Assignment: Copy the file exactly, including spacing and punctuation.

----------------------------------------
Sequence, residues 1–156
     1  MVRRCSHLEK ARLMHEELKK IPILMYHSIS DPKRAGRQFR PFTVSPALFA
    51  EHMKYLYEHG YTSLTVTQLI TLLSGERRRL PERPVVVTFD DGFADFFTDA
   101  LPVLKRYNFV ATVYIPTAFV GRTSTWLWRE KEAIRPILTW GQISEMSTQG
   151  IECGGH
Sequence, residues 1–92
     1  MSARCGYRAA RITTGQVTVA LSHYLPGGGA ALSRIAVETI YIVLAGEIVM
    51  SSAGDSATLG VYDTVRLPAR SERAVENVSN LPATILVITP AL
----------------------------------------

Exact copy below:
Sequence, residues 1–156
     1  MVRRCSHLEK ARLMHEELKK IPILMYHSIS DPKRAGRQFR PFTVSPALFA
    51  EHMKYLYEHG YTSLTVTQLI TLLSGERRRL PERPVVVTFD DGFADFFTDA
   101  LPVLKRYNFV ATVYIPTAFV GRTSTWLWRE KEAIRPILTW GQISEMSTQG
   151  IECGGH
Sequence, residues 1–92
     1  MSARCGYRAA RITTGQVTVA LSHYLPGGGA ALSRIAVETI YIVLAGEIVM
    51  SSAGDSATLG VYDTVRLPAR SERAVENVSN LPATILVITP AL